1. Modern nabob spoilt pet? FAT CAT (2 meanings). Almost a simple definition clue. Solvers might be surprised to find something quite so straightforward in an Azed.
7. Strong headwind: lacking a motive turns back. NOSER (re(a)son, rev.). Azed competitors had a go at NOSER in 1977 in competition 298. It offers many definitions. L. May, author of the famous ‘Bust down reason?’ clue, won the competition with ‘Elevated debate precludes one’, using the same wordplay as Azed uses here, but in an & lit. down clue.
14. Producer of blast to fan flames, ‘masculine’ in a manner of speaking. TROMPE (m in trope). The misleading context hints at some kind of macho behaviour, but doesn’t take long to see through. A trompe is a type of bellows used in a furnace.
17. What’s unusually bitter in old-fashioned look, or words. LIBRETTO (anag. in lo). A very good clue. The definition ‘words’ isn’t at all obvious, and Azed takes full advantage of the archaicness of ‘lo’.
30. Mamet plays, new? One analyses the elements. MET MAN (anag. + n). A Met man is a meteorologist (from the Met Office). David Mamet is best known for the fast-paced dialogue of plays and films like Glengarry Glen Ross.
31. Sense of despair I perceived in a department. ANOMIE (I in a nome). A nome was an administrative department of ancient Greece, and as a word it turns up regularly in the harder cryptics.
32. What may be squeezed to good effect lay within fruit. MELODEON (ode in melon). Dr Watson did wonder how you could squeeze a reed-organ, but Chambers lists ‘accordion’ as one of the definitions. A lay is a song or poem.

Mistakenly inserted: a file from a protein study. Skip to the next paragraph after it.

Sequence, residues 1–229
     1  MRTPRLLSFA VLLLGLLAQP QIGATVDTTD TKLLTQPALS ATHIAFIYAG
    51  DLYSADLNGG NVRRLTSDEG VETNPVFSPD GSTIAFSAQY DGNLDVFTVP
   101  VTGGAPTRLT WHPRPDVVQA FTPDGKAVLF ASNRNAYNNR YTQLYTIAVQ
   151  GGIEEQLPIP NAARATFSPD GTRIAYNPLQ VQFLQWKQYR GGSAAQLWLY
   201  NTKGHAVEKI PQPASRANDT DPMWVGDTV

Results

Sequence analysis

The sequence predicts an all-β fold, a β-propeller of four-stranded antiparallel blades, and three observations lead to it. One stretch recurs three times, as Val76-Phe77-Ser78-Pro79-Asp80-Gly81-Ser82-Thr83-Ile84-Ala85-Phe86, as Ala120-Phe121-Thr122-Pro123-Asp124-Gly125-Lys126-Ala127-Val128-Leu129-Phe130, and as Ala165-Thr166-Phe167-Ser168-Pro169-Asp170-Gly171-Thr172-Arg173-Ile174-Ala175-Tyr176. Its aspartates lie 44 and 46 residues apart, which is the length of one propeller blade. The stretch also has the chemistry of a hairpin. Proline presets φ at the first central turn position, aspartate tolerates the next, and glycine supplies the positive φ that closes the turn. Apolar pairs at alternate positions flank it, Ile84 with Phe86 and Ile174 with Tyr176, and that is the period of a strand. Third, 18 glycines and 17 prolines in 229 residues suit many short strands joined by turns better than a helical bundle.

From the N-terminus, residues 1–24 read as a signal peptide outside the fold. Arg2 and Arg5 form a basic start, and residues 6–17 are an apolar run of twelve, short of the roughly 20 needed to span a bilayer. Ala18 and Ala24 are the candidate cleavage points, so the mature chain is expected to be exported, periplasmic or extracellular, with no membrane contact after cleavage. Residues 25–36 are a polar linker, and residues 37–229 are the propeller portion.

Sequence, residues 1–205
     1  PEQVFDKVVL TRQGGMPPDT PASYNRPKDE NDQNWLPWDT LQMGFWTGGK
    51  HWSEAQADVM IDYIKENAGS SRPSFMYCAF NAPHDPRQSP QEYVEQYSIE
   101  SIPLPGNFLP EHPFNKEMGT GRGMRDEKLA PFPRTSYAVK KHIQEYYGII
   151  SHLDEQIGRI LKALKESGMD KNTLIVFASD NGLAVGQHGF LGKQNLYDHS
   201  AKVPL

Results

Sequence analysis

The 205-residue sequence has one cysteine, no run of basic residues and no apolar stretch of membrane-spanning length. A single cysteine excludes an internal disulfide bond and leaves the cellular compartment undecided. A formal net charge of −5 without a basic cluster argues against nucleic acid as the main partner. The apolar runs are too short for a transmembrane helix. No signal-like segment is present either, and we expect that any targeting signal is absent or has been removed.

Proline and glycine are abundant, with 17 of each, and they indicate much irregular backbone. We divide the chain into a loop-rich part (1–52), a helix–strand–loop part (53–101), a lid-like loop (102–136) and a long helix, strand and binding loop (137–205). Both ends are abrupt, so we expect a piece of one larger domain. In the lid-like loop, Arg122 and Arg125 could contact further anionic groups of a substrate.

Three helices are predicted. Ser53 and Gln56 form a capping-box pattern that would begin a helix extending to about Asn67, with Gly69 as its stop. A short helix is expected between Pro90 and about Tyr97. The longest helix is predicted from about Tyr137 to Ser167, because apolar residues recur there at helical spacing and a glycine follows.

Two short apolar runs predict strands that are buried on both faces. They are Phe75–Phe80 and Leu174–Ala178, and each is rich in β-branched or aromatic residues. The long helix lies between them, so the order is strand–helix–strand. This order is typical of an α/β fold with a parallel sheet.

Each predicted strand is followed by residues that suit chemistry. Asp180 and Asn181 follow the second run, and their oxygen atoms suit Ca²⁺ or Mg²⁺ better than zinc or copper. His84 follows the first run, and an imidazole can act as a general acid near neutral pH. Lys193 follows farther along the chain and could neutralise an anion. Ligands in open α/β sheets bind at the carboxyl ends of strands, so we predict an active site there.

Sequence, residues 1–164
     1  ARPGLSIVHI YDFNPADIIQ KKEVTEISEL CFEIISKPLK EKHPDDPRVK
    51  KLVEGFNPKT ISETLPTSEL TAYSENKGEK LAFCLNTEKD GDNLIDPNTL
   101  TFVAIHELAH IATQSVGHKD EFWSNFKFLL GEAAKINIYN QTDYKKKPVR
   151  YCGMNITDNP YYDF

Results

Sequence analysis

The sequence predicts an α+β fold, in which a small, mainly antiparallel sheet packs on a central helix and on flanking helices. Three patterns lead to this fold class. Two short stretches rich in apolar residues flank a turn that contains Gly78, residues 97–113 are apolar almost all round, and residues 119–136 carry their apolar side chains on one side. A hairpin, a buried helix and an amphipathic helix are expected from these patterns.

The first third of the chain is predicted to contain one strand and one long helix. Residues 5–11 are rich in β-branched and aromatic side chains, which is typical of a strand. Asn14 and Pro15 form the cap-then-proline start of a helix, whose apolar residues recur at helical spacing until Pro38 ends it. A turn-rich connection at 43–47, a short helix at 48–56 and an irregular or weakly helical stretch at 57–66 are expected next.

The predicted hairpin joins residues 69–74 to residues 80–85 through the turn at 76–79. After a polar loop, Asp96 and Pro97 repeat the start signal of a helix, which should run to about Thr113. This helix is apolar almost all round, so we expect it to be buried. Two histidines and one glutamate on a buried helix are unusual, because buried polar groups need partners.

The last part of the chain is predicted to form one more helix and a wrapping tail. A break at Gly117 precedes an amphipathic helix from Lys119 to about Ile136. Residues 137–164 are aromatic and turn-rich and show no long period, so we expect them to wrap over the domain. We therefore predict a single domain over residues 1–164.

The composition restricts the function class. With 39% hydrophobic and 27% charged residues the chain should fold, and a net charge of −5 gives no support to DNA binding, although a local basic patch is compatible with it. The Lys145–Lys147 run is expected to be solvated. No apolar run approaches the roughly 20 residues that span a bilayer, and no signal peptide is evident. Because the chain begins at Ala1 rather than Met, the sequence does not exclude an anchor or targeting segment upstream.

34. A shortish stretch down under limits even muscular wasting. SWEENY (e’en in swy). ‘Swy’ is an Australian slang word with various connotations of two-ness, including a two-year prison term. The solution is a condition affecting horses.
4. Cine shot showing progress in dense jungle? CUTAWAY (cut away). ‘Shot’ and ‘in’ hint at some sort of cryptic device, but it’s another double definition, albeit rather better than 1 and 28 across. ‘Progress’ needs to be read as a verb in the second definition.
11. He earns by speaking, heated in sequence of perorations. RHETOR (het in (pe)ror(ations)). ‘Sequence of perorations’ is a very vague indication of ROR, as Azed has acknowledged in similar cases before, and probably not in the setters’ best practice guide, if such exists.
19. One’s cast for fish off e.g. Maryport, one caught in tangle of fat hen. HAAF-NET (a in anag.). Chambers gives the Solway Firth as the specific geographical location of the haaf-net or halve-net, and Maryport is in the north of Cumbria. The surface isn’t quite as bizarre as it might appear on first reading, as fat hen is a type of ground-covering plant.
23. Glistening? It was forged. SHEENY (sheen-y). The appearance of SHEENY and SWEENY in the bottom right corner, both with their second letters unchecked, is an unusual feature of the grid.
26. More than one duck? Side’s exchanging money for one at learning stage. TEALS (L for M in team’s). Azed manages to create a cricketing context out of ‘ducks’, with an indication of L that’s different from the standard ones.
27. Caribbean fruit – West maybe imports some? Not so. MAMEE ((so)me in Mae). It seems Mae West is never far from some setters’ thoughts. Dr Watson isn’t sure the Caribbean can really be considered outside of the West.
Across: 12. ACAULOSE (Au in a close); 13. ROSTER (hidden rev.); 15. ON TAP (NT in OAP); 16. UNIAT (I in anag.); 18. TRIATHLETE (anag.); 28. SYNAERESIS (anag.); 24. ECOSTATE (eco state); 28. SOFAR (so far); 29. FRATE (f rate); 33. DRENT (hidden, ‘drown one’s sorrows’). Down: 1. FAR-OUT; 2. À CONTRE COEUR (anag.); 3. TASTY (st in Tay); 5. TORSI (torsi(on)); 6. ASTABLE (as table); 8. OZONE (Oz one); 9. SAMITE (ma, rev., in site); 10. EXPATRIATION (anag. in expiation); 20. TETRODE (rod in tete); 21. DESMID (hidden); 22. SOFTIE (s of tie); 25. SAMAN (SA + man).